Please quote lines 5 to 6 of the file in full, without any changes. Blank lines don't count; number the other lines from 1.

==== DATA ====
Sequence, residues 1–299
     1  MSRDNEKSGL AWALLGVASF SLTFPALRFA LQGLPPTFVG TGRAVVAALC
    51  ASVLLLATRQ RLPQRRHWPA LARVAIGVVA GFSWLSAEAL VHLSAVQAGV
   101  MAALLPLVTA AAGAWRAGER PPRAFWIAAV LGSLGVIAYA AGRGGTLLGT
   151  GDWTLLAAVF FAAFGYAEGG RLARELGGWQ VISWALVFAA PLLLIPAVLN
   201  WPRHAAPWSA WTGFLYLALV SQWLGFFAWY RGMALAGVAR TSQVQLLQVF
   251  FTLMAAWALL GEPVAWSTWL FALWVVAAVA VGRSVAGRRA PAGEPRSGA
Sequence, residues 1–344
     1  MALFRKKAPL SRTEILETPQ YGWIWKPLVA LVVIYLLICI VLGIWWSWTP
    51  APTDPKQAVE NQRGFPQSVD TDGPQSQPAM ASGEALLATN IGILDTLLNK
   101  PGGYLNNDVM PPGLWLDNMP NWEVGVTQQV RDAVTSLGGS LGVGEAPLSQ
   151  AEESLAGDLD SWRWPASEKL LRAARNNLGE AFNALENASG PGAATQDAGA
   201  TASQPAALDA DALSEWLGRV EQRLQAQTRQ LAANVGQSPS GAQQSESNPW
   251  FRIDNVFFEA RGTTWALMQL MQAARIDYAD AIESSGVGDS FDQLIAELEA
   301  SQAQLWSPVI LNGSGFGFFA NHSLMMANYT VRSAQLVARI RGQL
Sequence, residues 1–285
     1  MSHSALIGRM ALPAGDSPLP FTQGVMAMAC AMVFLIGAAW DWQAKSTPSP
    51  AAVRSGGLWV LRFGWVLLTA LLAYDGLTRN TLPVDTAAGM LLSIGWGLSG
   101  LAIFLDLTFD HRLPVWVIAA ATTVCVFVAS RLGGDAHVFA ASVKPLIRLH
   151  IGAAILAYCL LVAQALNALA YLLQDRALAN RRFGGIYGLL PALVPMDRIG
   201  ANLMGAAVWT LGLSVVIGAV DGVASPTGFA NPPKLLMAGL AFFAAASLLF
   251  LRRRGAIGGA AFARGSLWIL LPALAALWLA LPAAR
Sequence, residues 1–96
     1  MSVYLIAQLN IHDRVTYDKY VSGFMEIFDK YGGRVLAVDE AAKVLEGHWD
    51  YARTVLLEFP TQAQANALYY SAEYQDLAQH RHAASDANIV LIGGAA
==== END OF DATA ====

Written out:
   151  GDWTLLAAVF FAAFGYAEGG RLARELGGWQ VISWALVFAA PLLLIPAVLN
   201  WPRHAAPWSA WTGFLYLALV SQWLGFFAWY RGMALAGVAR TSQVQLLQVF